5) Stronger community. Reports are also showing that more women than men are on social media. This is because women tend to focus on creating community. A larger, more sophisticated Wikipedian community is so powerful, I'm not even sure how to describe its potential in words. However, it would have the ability to help the projects but bring change worldwide.

6) Better image. Organizations that are ethical are usually favored and respected by society, which increase's an org's success. I am not talking "left vs right," and this is not a philosophical question, it is a public relations one. Talk to any PR practitioner and they can share why this works, and examples of organizations taking this PR strategy. And, at a minimum, I can guarantee it will increase how many women worldwide see the project, which btw are 50% of the world's population.

7) Better parties and possibly more Wikilove! As corny as it sounds, I am quite positive that more women will improve the festivities in any wiki get together, and possibly result in more wikilove :) lolol Why not!! What a perfect place to meet someone that shares your interest, and better parties are usually always welcomed.

8) A better world society. Wikipedia has this ability to affect the world and start revolutions in what seems to be very silent but effective ways. I really believe that the inclusion of women will have amazing revolutionary affects on the world, and make it better. Channeling Jeff Bridges, "information is really power, man." And maybe we have come to take for granted that the world is informed/educated through Wikipedia on a daily basis. This has an effect.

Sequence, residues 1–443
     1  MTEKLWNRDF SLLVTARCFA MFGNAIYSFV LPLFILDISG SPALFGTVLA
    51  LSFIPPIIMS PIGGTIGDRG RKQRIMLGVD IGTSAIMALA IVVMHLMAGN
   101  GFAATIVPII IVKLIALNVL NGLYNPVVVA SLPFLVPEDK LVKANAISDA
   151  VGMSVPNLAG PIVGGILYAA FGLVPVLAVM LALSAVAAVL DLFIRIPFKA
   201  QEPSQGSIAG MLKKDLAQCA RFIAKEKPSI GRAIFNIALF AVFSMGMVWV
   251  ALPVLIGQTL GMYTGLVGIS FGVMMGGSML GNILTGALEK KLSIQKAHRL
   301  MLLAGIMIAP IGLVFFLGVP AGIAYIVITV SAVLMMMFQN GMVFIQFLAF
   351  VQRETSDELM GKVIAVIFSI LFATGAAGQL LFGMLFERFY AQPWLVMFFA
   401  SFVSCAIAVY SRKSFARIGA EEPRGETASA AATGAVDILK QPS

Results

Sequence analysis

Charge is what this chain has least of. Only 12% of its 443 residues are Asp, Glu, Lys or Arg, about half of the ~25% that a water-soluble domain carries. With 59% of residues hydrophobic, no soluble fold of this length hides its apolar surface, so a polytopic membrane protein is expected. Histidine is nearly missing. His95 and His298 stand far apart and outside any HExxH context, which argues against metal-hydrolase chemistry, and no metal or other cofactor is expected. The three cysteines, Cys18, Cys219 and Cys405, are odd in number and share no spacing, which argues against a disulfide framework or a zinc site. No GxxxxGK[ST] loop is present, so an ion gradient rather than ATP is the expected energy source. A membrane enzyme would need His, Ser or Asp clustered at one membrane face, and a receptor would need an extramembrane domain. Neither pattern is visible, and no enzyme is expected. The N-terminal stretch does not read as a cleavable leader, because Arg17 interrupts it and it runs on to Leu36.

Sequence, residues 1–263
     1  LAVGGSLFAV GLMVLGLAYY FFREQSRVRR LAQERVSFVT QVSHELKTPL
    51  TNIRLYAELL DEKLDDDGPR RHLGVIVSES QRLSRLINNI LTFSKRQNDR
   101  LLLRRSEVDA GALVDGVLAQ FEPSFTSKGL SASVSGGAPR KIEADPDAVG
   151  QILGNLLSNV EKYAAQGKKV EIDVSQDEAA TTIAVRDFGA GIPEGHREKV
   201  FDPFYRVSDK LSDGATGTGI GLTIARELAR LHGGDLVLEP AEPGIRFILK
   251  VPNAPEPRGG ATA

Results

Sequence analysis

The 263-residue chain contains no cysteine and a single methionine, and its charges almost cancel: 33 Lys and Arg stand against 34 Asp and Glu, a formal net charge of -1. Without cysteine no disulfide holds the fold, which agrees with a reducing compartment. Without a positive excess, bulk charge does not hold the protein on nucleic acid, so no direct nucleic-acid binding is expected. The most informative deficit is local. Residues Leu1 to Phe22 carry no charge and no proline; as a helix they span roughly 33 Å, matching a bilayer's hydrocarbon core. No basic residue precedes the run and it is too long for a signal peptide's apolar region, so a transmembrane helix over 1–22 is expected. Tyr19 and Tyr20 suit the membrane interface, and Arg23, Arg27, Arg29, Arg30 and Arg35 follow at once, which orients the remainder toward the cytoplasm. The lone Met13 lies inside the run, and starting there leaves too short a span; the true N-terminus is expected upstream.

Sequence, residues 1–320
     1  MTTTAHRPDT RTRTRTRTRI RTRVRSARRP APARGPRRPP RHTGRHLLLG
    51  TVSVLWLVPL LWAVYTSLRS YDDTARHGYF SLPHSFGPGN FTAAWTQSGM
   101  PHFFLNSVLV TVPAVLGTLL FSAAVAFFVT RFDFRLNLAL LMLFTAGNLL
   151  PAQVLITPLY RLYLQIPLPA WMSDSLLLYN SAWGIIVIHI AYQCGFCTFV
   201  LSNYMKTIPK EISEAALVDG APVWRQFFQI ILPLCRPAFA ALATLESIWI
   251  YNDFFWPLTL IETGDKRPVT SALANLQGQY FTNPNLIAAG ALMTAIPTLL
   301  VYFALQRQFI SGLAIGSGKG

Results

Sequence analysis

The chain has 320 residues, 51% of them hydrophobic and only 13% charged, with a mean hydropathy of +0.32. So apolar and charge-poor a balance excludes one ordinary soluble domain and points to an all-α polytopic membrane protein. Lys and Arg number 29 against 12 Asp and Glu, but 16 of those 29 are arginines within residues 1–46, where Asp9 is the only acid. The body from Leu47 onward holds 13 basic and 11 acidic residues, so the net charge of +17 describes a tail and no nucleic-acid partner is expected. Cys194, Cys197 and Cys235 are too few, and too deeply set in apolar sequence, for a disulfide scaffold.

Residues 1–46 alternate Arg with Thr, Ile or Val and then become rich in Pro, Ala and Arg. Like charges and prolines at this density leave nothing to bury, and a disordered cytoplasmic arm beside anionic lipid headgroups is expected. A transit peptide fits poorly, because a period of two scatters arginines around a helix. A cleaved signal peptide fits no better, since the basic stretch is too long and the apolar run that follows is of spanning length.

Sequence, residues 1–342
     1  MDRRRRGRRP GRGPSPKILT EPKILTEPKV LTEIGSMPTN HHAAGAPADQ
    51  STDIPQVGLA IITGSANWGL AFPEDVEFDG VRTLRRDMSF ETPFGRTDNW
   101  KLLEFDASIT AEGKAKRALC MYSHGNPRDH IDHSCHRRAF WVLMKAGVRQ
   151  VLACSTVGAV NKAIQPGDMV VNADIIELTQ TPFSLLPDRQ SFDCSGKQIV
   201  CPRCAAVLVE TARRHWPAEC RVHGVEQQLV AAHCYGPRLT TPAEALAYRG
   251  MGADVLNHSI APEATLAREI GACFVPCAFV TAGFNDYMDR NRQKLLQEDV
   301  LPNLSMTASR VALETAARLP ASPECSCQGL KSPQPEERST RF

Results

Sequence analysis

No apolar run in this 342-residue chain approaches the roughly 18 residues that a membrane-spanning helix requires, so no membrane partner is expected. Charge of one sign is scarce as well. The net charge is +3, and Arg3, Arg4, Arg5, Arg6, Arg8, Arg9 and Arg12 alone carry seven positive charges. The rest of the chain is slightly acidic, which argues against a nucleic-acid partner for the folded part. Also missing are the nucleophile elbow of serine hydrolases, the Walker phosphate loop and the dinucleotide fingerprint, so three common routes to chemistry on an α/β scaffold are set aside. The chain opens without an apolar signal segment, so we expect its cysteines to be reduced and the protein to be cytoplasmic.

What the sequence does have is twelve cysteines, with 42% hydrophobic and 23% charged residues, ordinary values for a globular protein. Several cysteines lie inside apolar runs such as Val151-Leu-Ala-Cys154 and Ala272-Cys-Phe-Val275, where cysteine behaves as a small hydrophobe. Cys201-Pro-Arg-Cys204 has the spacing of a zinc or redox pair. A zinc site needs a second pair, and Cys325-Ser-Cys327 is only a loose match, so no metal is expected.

9) It's the right thing to do. Wikipedia has always gone against the grain, even though at times it ruffled society's feathers b/c transparency in knowledge sharing is more important than the agenda of any group. Its part of the free culture movement, dedicated to empowering people worldwide, and has done much in that area. Why wouldn't it come together now to improve on this systematic problem that affects not only the project, but humans at large.

10) Who else is going to do it? No one has the ability to look and tackle this complex issue like Wikipedian community. No other community has the strength in numbers, intellect, and structure to address an issue like this. I guarantee that other groups will embrace any solutions the community finds, b/c its not Wikipedia is not only a pioneer, but its a "best-in-breed" virtual project that comes up with "best-in-breed" solutions.